WILLIAMS: That's --well, it's the Communications Decency Act of 1996, and it says that, if you're online, you're not the equivalent of a publisher or a speaker if someone else is providing the content.

But Greg, the reality is, you know what? I would rule with Eric. I don't think it's -- they're responsible. But boy, I don't think ISIS grows unless you have this social media component.

GUTFELD: Yes, it's just -- I have a real problem with the pretentious kind of smarmy nature of the Silicon Valley. You know, they reach this zenith of outrage over Donald Trump but not about terror. They don't have the same kind of, you know, anger about that stuff.

But again, in World War II, there were all these companies that contributed to the effort by, you know, with food, with armor and vehicles; and this should be no different with Silicon Valley, especially when you benefit from the very freedoms that Islamism is trying to eradicate. So they should be at the forefront, trying to do the right thing instead of being bozos, you know, off Sand Hill Road.

WILLIAMS: Well, Kimberly, let me come back to you on this, because it's not just this suit, but in Germany...

PERINO: Right.

WILLIAMS: ... Mark Zuckerberg was sued by German prosecutors for failing to ban hate speech on Facebook.

GUILFOYLE: Right. But the problem is the companies have actually spent thousands of, you know -- hundreds of thousands man-hours trying to address this issue, trying to prevent this type of speech from being disseminated across their platforms. It's very difficult. It's like whack-a-mole. They take one down. They have three other, four accounts.

WILLIAMS: And does it stop free speech?

GUILFOYLE: They're also using Telegram, which is, like, private chatrooms.

WILLIAMS: Yes, but does it stop free speech?

GUILFOYLE: Does it stop free speech?

WILLIAMS: In other words, if I say something that you may not like...

GUILFOYLE: You don't have a right to commit acts of terror or incite that type of thing, so, no, but the thing is, they actually have shown that they've tried to make the efforts to do it. I don't believe these lawsuits, as they are, are going to succeed because of the rights and the way these companies are protected and because they are making efforts to make sure that this type of hate speech and radical jihad and radicalization isn't spread. I mean, it's just very challenging to get the job done.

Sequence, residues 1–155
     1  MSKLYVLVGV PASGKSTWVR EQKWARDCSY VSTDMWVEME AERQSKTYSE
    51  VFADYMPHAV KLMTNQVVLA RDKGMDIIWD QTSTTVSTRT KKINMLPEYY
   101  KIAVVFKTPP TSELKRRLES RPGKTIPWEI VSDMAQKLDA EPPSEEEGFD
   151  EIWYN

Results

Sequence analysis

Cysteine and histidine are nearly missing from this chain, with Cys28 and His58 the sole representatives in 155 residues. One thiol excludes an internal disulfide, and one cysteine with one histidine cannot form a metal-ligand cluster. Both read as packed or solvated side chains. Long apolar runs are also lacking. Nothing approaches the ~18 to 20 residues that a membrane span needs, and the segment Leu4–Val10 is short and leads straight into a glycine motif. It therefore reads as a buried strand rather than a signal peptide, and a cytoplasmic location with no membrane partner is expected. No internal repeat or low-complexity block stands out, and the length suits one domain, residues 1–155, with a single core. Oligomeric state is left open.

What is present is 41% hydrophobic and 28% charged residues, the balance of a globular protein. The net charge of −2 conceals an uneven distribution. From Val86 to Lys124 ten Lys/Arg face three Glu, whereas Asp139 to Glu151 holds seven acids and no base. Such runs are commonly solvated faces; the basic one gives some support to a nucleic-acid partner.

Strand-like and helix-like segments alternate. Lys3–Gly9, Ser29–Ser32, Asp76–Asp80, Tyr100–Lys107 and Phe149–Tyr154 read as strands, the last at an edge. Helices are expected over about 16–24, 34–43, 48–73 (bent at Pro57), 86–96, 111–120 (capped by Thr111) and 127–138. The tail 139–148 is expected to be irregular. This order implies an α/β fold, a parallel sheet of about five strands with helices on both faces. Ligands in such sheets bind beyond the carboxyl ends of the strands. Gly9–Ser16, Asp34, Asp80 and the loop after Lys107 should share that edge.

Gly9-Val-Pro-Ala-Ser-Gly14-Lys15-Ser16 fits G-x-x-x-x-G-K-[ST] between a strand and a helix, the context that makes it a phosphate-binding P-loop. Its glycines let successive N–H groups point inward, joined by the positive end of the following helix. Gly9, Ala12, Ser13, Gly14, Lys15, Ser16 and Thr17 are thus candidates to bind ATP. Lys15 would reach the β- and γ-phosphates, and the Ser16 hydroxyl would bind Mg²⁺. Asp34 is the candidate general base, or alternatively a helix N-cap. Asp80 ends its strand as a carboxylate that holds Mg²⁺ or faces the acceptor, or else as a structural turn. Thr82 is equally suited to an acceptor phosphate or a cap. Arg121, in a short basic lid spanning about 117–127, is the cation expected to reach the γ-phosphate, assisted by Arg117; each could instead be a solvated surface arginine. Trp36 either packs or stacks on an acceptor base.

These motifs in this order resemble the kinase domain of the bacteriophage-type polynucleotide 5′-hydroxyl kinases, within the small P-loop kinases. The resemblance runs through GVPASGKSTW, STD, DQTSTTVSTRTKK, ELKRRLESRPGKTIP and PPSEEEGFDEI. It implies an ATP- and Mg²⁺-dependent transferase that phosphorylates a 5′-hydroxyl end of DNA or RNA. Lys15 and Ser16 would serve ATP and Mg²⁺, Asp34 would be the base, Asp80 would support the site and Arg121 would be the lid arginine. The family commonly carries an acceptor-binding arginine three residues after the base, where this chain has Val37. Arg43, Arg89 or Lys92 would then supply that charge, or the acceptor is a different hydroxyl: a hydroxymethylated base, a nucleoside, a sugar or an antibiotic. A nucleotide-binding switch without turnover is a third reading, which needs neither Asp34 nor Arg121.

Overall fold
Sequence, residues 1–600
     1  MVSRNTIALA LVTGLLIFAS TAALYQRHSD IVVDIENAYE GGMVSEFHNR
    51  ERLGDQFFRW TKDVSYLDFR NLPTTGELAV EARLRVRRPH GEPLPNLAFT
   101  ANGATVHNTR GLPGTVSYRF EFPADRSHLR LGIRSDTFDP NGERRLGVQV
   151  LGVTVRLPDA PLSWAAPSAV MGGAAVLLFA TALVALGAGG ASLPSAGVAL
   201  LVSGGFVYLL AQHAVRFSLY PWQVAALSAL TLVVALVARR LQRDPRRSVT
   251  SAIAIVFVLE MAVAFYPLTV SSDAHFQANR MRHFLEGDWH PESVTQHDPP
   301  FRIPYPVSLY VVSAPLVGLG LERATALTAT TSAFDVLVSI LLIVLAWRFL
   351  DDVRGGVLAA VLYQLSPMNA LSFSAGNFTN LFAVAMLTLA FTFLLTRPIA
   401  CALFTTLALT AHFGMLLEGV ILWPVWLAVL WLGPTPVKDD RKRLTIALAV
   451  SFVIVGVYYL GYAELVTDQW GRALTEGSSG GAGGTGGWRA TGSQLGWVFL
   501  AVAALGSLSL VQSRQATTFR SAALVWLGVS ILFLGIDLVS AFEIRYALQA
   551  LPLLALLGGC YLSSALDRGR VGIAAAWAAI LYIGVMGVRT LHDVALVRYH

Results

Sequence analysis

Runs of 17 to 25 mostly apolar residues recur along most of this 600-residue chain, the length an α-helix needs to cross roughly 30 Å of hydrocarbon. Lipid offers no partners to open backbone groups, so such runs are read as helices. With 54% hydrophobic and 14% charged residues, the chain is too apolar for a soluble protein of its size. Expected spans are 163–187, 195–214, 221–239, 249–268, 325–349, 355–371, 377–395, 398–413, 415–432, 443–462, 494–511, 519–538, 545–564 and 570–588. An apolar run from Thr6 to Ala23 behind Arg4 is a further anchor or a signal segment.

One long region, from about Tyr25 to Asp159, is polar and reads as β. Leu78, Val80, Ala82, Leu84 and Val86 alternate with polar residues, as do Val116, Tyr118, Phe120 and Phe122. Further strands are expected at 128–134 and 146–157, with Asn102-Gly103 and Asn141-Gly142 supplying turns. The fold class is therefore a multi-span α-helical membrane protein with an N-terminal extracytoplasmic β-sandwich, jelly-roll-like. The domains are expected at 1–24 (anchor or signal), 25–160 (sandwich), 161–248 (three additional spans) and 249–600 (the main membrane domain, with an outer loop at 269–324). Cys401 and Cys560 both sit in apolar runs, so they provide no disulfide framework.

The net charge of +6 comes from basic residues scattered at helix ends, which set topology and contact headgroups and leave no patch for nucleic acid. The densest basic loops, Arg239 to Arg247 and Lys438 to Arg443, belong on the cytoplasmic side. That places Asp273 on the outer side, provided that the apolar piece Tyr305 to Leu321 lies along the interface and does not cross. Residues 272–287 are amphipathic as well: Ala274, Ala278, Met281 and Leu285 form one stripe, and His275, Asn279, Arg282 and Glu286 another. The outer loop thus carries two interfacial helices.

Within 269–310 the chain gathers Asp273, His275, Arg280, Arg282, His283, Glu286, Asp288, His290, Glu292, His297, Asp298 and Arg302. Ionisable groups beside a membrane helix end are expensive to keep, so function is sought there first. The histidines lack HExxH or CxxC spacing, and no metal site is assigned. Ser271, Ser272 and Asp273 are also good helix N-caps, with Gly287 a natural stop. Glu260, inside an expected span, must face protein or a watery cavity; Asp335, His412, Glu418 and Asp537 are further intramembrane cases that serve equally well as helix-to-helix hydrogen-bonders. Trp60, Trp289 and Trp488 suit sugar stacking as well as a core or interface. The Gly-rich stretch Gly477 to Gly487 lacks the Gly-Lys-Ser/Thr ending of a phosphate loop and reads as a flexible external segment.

WILLIAMS: I just think it's very important that they not become the arbiters of what is legitimate speech in our society. Anyway, "One More Thing" up next.


BOLLING: Time for "One More Thing" -- K.G.

GUILFOYLE: Oh, wow. I love that. That's the voice of God.

OK. A big shout-out to two New York City police officers for replacing a 4-year-old girl's stolen birthday presents. Can you imagine this? On Saturday, officers Frank Callaghan and Michael McAvoy responded to a call outside of a restaurant in Staten Island where the Sietz family was celebrating their 4-year-old daughter, Sammi's, birthday. Thieves had broken into the family's minivan. They stole all of the little girl's birthday presents. They're the worst people in the world.

GUTFELD: I didn't steal it. I thought it was mine.

GUILFOYLE: You thought it was your size?

On Sunday, those officers arrived at the family's home with dozens of new toys for little Sammi to replace the ones that were stolen. She was so happy. She said, "Look, Mama, they found my presents."

So they wanted to make sure that the two officers were recognized for their good deed. Oh, and it's the Sietz family. So Merry Christmas to them and happy birthday, Sammi. Thank you, officers.

GUTFELD: My presents got stolen, too. See if it works.

GUILFOYLE: Why do you always want to ruin my "One More Thing," little one?

BOLLING: Yours didn't come with a cork in it, did it?

GUTFELD: Yes, yes, a full case of wine was taken out of my car.

BOLLING: Exactly. All right, Juan, you're up.

GUILFOYLE: Someone, GoFundMe to help save Greg's Christmas.

WILLIAMS: Oh, my goodness. Anyway, last night Notre Dame basketball player Matt Ferrell thought he was having a pretty good night. The team had a win in South Bend, but after the game, it got even better.


UNIDENTIFIED MALE: Holiday greeting all the way from Afghanistan, from Beau Ferrell, the older brother of point guard, Matt Ferrell.

BEAU FERRELL, OLDER BROTHER OF MATT FERRELL: I just want you to know how proud I am of you. I love you, and I miss you very much. I look forward to being home with you soon, really, really soon.